All of this is not merely a matter of responding to contemporary great power realities. BiH’s own history is illustrative of what can happen to a country when it has no genuine allies. None of the states or organisations that could previously or currently be construed as assisting BiH’s sovereignty and territorial integrity in the 1990s or during its post-war development did so without significant reservations. The U.S. may have led the charge to deliver a final peace deal to halt the aggression against BiH between 1992 and 1995, but the Clinton administration also refused to lift the crippling arms embargo on BiH government forces, despite significant pressures to that end from the U.S. Congress. Croatia may have ultimately assisted BiH government forces in the closing months of the war, but it had previously orchestrated a de facto invasion too. Turkey, which claims close cultural and historical links with BiH, invests more in Serbia than in BiH. One could proceed in this fashion, but the point would be the same: BiH has no true-blue allies, and it must remedy that. Doing so will involve many of the steps identified in the preceding section; but establishing immutable political and security relationships with key capitals should nevertheless be recognized as a standalone objective – aside from the myriad other positive outcomes that follow from having a robust two-way diplomatic presence in the international community.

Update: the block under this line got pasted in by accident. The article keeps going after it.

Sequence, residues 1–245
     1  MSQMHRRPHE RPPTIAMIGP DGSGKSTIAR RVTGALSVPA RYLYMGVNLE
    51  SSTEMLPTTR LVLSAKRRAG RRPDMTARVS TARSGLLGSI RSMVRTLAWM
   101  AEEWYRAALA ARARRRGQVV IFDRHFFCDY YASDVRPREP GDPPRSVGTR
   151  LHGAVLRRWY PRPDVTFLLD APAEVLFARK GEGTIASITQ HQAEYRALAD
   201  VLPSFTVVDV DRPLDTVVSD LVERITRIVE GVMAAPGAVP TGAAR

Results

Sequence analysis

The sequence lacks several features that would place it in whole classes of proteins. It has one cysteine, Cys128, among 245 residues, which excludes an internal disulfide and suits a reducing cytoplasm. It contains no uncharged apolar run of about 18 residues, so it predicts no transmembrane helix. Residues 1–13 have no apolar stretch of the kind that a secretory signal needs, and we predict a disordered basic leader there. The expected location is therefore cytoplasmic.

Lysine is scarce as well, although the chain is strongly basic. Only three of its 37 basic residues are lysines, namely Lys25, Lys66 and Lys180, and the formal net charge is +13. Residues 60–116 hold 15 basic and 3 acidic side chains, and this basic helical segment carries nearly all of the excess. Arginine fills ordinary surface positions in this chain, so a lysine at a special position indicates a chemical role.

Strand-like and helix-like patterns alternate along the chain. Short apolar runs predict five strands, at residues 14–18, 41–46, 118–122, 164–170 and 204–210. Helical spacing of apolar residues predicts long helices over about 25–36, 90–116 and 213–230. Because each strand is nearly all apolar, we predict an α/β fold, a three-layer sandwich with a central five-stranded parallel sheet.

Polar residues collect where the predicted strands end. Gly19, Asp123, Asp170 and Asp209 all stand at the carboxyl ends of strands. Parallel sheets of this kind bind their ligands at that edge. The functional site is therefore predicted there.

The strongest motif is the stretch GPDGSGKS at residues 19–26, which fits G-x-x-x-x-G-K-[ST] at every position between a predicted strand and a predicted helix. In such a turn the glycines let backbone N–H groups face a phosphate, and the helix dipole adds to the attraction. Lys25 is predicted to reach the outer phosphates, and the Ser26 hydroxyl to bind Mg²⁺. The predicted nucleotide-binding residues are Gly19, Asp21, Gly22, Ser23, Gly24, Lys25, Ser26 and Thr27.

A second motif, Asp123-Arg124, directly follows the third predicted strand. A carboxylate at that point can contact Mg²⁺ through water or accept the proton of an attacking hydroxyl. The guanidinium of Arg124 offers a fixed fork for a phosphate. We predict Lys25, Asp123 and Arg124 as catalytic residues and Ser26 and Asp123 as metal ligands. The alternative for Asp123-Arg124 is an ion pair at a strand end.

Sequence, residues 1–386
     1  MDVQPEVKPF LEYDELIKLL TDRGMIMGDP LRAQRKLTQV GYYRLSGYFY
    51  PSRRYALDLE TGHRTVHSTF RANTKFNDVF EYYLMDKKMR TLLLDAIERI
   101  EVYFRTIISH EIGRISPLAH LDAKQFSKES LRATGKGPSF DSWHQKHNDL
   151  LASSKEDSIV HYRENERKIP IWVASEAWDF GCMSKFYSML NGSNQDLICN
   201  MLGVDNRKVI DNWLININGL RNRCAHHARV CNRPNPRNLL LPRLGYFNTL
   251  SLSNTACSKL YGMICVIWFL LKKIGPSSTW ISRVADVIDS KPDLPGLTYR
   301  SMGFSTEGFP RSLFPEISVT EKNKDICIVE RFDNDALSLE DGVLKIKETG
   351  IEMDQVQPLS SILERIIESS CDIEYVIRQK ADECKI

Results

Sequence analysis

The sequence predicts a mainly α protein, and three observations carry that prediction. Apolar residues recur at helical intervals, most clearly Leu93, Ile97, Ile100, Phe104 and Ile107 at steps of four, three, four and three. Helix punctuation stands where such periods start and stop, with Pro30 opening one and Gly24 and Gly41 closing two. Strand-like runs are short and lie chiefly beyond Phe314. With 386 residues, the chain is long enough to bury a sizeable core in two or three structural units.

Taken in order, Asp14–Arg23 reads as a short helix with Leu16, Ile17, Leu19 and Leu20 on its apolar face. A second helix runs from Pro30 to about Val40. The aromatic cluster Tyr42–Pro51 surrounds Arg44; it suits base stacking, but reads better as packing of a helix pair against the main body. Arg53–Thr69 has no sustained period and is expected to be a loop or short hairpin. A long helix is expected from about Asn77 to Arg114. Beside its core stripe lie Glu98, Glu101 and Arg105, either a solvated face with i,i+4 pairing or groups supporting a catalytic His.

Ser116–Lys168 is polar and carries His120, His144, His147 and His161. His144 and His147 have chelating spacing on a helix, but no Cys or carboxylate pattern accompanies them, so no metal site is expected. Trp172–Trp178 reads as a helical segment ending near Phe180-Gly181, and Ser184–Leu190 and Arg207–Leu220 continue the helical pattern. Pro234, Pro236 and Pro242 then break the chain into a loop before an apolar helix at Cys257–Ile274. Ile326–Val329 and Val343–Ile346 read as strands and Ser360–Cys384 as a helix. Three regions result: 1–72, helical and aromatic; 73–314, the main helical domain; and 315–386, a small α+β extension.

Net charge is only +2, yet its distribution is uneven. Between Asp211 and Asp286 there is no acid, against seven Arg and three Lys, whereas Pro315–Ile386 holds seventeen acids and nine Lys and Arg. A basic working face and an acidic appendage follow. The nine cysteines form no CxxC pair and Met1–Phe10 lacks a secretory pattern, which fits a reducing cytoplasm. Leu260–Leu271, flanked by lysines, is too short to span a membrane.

In lieu of a formal conclusion, an observation in keeping with the spirit of this essay: BiH’s problems are easily identified, even if they are not necessarily “well known” in the international community. The task of pro-BiH actors is not merely to explain these problems but to offer and create avenues for resolving these issues. For a small country with a difficult history, Bosnians and Herzegovinians have done a remarkably good job of telling their story to the world. What remains is to channel those stories into effective policy action, at both the local and international level. The hope is that this text can help animate those efforts.